Corn harvest is already running a little ahead of schedule in Texas, and in short order the season will also be upon the Corn Belt. So, throughout the next month or so, it isn’t too soon for a lot of farmers to start thinking about inspecting and tightening machinery belts, checking fluid levels, greasing zerks … that sort of thing. A zerk, for any reader who doesn’t know, is a fitting used to transfer grease into the moving parts of machinery. Greasing zerks is what you do when you want to get something moving or keep something from breaking down.
The Federal Open Markets Committee of the Federal Reserve Board has something similar they’ve tried to use to keep the U.S. economy functioning since the financial crisis of 2008: not a zerk, but a ZIRP. It’s a Zero Interest Rate Policy that, by keeping target fed funds rate unchanged at the 0.00% to 0.25% range from December 2008 to December 2015, was meant to encourage corporations and individuals to invest their capital into new lines of business rather than stuffing it away into savings. Alongside three Quantitative Easing programs and “Operation Twist,” the ZIRP was also meant to stabilize or bolster the overall stock market, which it probably did.
Japan, England and a few other major western economies still have a ZIRP or even a ‘NIRP’ (Negative Interest Rate Policy) in 2016, but in the U.S., investors are now contemplating the whens and what-ifs of another interest rate rise from the Fed to follow the one seen at the end of 2015 … maybe as soon as this December? Maybe early next year?
The what-ifs are where the commodity markets get involved. In grains, we have some overwhelming reasons to feel fundamentally bearish about prices: a 15 billion-bushel corn crop (according to the latest USDA projections), a 4-bb soybean crop (same source), and U.S. wheat ending stocks that show we will store as leftovers nearly half as much as we use.
And yet …
There is a real case to be made for some bullishness leading into the end of year, especially if investors decide to start directing money toward commodities.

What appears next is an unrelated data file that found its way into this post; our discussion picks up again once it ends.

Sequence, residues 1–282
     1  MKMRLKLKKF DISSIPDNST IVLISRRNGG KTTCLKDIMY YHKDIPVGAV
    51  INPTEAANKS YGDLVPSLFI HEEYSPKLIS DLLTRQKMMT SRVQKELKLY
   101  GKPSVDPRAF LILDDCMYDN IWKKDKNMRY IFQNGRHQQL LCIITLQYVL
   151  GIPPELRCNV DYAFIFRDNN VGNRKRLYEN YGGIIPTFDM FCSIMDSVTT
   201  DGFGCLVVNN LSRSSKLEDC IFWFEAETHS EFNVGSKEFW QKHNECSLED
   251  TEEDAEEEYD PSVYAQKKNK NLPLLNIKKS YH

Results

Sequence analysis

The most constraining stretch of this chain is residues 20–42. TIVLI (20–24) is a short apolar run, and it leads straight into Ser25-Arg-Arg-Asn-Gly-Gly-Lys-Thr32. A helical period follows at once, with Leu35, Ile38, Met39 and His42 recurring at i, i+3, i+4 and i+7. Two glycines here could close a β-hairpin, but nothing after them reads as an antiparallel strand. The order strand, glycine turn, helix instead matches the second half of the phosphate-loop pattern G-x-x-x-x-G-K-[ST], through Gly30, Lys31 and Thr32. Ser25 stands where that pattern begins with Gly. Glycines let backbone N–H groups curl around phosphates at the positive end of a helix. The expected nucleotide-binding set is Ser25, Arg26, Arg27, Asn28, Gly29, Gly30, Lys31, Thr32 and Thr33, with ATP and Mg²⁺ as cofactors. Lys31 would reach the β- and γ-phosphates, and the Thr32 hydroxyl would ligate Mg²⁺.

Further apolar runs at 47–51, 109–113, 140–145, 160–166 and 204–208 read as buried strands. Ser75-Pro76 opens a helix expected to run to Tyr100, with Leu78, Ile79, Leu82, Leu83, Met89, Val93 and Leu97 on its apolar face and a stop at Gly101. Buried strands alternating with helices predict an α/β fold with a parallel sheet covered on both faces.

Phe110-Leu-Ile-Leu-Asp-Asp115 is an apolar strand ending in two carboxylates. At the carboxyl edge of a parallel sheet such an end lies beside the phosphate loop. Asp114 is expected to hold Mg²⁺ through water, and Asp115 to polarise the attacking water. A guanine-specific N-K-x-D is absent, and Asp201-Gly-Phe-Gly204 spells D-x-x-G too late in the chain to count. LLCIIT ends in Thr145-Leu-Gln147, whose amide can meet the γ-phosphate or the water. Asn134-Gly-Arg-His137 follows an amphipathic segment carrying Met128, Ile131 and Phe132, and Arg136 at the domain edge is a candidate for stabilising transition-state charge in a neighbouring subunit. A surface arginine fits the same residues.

Pretend you are the director of some investment fund with billions or millions of dollars to trade — like a state’s pension program, or a nation’s sovereign wealth fund, or even just a collection of rich families’ money. You and your peers have spent the past eight years lamenting how little growth has been available in stable economies, and how even the “safe” markets have been vulnerable to sudden collapses. In an effort to actually make some money in late 2016 or to position yourself to make money in 2017 (when the Fed might start to ratchet up interest rates), you have three choices:
- Continue to horde cash. This is a popular choice — a Bank of America survey showed that major asset managers had 5.8% of their portfolios in cash in July, the highest level since the financial crisis, or even since 2001. Buying “safe” bonds with negative interest rates would be another way to do nothing.
- Go back into the stock market, even though the most volatility we’ve seen this year has been downside volatility, in the form of sudden, jarring collapses during the Chinese market troubles in January or during the Brexit surprise in June. This choice isn’t very popular among the smaller class of investors who use Exchange Traded Funds (ETFs) to get whole-market exposure. Inflows into equity index ETFs in 2016 have been about a seventh of what was invested into that asset class last year by this time.